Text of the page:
Announcing the international congress on Saturday, Venezuelan vice-president of the National Assembly, Aristobulo Isturiz, declared, “As of tomorrow and until the 22nd of June, we will be discussing in numerous work groups, the different problems that affect African populations”.
The legislator also highlighted the importance of the event, as African and Indigenous peoples have historically been “the most exploited populations” in Latin America.
In efforts to further consolidate regional integration, delegates announced that they will also submit the conclusions of the forum, under the format of the “Caracas Declaration”, to the Community of Latin American and Caribbean States (CELAC) – the counter Organization of American States (OAS) group due to be ofﬁcially inaugurated on July 5th in Venezuela.
The ﬁnal document will recommend that CELAC ofﬁcially recognize the important contributions made by African communities and their descendents to each Latin American nation – a factor which should be reﬂected in CELAC programs, conﬁrmed Isturiz.
Social Movements: Agents of Change
From Hotel Alba, Colombian human rights activist Piedad Cordoba applauded the work of social movements in the region and emphasized their role as agents of change within the struggle for equality and justice in Latin America. When social movements are “conscious of their objectives, nothing can deter them”, she proclaimed.
Highlighting the relationship between race and class, Cordoba also emphasized that the presence of ministers with African features in the Venezuelan government sets an important precedent, and sends a much stronger message than merely instigating progressive public policy.
“There is a historical debt to pay with Afro-descendents, victims of exclusion and abandonment, especially where neo-liberalism is still a religion – as is the case in Colombia. This panorama impels us to become the protagonists of change – which is none other than the construction of socialism”, she added.
Committee for Haiti
The Colombian ex-senator will also play an important role in the Committee for Haiti, one of the initiatives announced at the forum. Other notable ﬁgures involved in the committee are Venezuelan Ambassador to Angola, Jesus Garcia, and Norma Romero, spokesperson for the Network of Afro-Venezuelan Organisations (ROA).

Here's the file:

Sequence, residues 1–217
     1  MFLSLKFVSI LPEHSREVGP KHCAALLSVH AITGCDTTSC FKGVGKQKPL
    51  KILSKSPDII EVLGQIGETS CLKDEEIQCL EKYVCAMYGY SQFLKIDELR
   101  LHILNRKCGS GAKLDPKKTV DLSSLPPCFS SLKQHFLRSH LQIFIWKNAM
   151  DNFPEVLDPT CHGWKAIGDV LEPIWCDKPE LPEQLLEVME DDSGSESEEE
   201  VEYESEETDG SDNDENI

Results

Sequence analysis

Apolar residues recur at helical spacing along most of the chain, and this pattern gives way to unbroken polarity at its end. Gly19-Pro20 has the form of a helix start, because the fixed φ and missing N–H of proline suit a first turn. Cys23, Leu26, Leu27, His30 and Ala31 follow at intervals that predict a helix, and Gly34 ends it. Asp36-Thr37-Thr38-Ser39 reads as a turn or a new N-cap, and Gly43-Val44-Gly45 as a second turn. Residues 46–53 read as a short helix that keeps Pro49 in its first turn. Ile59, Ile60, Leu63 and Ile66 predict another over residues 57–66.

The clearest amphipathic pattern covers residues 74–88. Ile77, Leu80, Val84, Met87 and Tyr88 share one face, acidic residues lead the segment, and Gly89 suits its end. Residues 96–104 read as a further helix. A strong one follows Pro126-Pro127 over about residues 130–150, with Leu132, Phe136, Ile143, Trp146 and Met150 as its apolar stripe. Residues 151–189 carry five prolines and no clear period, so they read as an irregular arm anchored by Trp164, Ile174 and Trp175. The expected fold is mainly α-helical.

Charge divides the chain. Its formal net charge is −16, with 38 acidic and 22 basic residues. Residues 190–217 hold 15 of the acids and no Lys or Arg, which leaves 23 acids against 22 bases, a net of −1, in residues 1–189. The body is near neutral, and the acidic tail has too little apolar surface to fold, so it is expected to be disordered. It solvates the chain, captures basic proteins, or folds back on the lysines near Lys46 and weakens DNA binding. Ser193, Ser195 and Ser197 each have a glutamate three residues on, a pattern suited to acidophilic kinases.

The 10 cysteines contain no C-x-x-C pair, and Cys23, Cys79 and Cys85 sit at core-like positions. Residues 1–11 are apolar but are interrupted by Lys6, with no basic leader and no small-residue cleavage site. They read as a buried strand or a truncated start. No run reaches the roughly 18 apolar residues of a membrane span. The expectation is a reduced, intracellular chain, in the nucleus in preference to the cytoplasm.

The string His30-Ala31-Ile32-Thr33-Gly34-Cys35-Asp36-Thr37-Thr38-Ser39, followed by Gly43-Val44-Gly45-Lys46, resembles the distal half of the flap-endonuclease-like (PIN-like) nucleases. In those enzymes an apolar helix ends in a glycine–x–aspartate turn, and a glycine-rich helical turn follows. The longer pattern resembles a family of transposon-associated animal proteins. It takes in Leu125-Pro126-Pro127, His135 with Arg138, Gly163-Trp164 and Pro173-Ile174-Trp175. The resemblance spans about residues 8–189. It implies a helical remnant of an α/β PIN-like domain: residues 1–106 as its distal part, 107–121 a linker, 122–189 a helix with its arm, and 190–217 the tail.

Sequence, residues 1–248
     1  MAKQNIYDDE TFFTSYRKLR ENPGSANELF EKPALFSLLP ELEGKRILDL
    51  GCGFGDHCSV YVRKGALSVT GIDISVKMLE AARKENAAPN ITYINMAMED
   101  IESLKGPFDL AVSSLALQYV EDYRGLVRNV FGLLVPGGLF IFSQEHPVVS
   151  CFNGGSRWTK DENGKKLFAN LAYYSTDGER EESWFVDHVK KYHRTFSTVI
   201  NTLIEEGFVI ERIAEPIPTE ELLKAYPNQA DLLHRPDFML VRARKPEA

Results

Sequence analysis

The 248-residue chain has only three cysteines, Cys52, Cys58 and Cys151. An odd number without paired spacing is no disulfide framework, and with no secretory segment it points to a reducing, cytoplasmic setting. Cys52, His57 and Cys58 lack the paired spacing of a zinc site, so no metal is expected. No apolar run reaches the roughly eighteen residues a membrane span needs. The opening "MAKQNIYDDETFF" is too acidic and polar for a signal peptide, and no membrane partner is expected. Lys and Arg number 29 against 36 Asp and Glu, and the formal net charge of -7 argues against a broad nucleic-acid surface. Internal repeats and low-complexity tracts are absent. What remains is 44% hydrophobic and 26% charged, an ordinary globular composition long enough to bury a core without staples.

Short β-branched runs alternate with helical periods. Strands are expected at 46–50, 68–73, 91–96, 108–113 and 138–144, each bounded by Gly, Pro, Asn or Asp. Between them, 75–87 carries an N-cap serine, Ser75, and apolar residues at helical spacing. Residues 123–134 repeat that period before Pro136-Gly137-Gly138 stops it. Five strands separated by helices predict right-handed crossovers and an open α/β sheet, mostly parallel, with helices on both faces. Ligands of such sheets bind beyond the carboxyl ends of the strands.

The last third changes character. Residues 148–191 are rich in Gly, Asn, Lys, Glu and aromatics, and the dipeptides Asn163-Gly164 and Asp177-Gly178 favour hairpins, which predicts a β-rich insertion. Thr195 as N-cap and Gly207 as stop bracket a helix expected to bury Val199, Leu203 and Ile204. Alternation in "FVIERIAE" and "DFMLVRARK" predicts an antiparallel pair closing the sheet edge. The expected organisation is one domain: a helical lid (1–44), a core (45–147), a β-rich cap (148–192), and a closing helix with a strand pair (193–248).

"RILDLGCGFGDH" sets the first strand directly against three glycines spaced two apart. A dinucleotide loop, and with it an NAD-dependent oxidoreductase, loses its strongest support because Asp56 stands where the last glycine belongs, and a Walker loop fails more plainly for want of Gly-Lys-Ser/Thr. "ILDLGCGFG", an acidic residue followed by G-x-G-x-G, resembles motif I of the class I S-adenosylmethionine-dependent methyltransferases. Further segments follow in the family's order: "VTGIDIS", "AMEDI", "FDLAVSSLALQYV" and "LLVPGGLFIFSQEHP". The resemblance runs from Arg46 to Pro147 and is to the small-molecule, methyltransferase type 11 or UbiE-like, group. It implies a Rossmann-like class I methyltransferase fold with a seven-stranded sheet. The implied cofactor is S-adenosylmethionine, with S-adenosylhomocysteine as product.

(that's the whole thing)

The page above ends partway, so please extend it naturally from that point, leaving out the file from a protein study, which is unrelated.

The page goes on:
Constituted by “revolutionary afro-descendents”, the permanent committee will attend to the needs of the Haitian people – who orchestrated the only successful slave revolution in history and became the ﬁrst independent nation in Latin America.
Thoughts and ideas relating to the Haitian committee and its development will be drafted up and discussed in the plenary session of the forum.
“We are planning a visit to Haiti, a large group of us, in order to support our Haitian brothers and sisters from this division”, said Romero.
Delegates from the forum have also disclosed that they will present a counter-initiative to the United Nations, who declared 2011 to be the “international year for people of African descent”.
“One year is a very short amount of time, because the problems affecting Afro-descendents are numerous…that’s why we are insisting on having a decade for (people of) African descent”, announced Isturiz.
Venezuelan Vice-President Elias Jaua, Minister of Interior Relations Nicolas Maduro and parliamentary President Fernando Soto Rojas, have also been present at the forum.
The conference concluded by agreeing on six resolutions. These resolutions included recognition of the moral, political, social, and cultural contribution of people of African descent in the formation of America, the creation of a National Council for the Afro-descendent Community of Venezuela to deepen the radication of racism and exclusion, the creation of an ALBA fund to repair injustices committed against such communities, the creation of a Solidarity Fund for Haiti, demanding that NATO cease its bombing of Libya and military intervention in north Africa, and demanding the UN implement a Afro-descendent Forum.